Cover Image: The Candy House

The Candy House

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Member Reviews

I thought this was even better than Goon Squad. The themes of memory, tech and nostalgia are more interesting to me than Goon Squads music biz.

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I was rabid about Goon Squad so I was so excited for this one. But unfortunately it didn't grab me the same way it's sister novel did, and I found myself easily distracted and pulled away from the pages. I think if I had been in a college-level studies of fiction class (which is the setting in which I read AVFTGS) I would enjoy the discussion and be convinced that I liked it more than I did, but unfortunately my book club didn't feel the same way.

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Thank you to Netgalley and the publisher for providing an advance copy in exchange for honest feedback.

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"The Candy House" takes you on a mesmerizing journey into a future where technology and human desires collide in a breathtaking way. Jennifer Egan's narrative style is a kaleidoscope of voices and perspectives, weaving a story that explores memory, connection, and the price of desire. It's like a 19th-century novel on a flash drive, both intellectually dazzling and emotionally moving. A must-read for those who crave a glimpse into the future of human longing.

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Anything written by Jennifer Egan is going to be great. And this book was no different!

I thoroughly enjoyed this book.

Thank you for this copy!

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The Candy House by Jennifer Egan is the long-awaited sequel to Pulitzer Prize winner A Visit From the Goon Squad. I prepped for this book by re-reading the prequel, and having that frame of reference only added to my enjoyment of The Candy House and the world that Egan builds. With a focus on the next generation of people in Egan’s sphere, there are enough callbacks to the events of Goon Squad to make this an extension of the original book, a guide to how long-ago events continue to reverberate many years later. There is a continued undercurrent of the psychology of technological advancement, which feels both futuristic and current. Most importantly, it’s all wrapped up with great writing and heartfelt character development. Thanks to the publisher and NetGalley for an advanced copy of this book in exchange for an honest review.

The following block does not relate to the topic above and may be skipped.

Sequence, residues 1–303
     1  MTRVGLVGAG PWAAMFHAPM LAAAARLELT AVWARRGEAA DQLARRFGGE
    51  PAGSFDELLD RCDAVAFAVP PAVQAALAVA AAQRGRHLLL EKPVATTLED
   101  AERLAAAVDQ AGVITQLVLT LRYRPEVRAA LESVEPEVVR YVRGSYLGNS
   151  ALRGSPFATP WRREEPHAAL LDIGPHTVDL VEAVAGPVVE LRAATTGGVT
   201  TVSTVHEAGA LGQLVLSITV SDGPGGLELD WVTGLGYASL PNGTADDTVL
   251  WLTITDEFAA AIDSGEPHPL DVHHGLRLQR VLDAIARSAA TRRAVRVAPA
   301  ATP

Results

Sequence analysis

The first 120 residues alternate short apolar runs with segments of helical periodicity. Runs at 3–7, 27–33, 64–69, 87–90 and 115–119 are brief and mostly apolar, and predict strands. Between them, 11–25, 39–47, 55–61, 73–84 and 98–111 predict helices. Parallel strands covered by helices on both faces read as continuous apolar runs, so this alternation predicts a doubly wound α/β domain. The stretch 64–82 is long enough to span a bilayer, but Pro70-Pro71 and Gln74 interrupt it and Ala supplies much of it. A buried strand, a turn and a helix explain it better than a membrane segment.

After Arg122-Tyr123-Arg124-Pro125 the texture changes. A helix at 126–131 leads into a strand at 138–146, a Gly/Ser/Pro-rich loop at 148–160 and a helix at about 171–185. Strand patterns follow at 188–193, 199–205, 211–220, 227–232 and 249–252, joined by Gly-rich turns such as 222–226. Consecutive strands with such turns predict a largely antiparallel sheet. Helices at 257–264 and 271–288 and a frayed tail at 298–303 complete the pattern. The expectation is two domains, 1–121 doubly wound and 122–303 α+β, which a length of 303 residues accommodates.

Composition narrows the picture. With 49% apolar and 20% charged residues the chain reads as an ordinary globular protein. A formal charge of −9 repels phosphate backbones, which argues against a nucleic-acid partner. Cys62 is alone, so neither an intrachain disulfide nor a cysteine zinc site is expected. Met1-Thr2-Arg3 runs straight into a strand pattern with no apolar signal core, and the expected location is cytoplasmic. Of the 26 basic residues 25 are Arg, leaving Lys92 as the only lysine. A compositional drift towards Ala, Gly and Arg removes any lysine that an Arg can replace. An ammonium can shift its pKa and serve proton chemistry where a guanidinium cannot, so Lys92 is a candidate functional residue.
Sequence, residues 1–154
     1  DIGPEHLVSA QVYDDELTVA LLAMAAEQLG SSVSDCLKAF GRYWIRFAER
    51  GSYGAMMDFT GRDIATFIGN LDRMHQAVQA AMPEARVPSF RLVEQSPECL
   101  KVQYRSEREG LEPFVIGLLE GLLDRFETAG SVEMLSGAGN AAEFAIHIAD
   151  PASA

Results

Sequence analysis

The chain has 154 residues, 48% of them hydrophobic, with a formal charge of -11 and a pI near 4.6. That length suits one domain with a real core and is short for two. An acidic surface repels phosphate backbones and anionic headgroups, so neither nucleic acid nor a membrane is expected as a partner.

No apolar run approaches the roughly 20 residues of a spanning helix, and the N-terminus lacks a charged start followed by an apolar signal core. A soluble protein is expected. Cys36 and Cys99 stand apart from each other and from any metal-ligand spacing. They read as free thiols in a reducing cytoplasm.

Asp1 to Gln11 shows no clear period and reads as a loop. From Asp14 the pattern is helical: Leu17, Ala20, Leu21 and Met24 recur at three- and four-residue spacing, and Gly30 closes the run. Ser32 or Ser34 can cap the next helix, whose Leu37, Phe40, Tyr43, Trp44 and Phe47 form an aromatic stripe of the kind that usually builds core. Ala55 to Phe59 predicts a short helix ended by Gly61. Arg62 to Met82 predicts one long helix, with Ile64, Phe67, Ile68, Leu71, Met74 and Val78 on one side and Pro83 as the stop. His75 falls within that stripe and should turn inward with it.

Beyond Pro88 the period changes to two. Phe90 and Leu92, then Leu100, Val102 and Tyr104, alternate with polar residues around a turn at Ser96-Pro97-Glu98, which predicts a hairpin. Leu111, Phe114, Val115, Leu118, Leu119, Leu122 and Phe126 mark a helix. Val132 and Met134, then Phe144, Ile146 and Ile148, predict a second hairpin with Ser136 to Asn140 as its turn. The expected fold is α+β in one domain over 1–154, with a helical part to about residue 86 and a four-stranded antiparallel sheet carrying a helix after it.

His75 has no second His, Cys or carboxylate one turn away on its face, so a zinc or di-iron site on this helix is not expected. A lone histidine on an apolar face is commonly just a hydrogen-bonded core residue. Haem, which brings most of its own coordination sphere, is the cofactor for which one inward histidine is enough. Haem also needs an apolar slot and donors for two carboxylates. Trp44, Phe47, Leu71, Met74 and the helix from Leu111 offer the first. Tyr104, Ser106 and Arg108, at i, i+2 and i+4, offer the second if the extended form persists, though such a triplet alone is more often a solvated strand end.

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So intriguing to return to Jennifer Egan's signature style and characters from Goon Squad in this newer book, another collection of stories linked by concept, this time electric dance. Egan is an undeniably cerebral writer, causing the reader to examine massive existential questions through her work, and The Candy House does that as Goon Squad did years ago.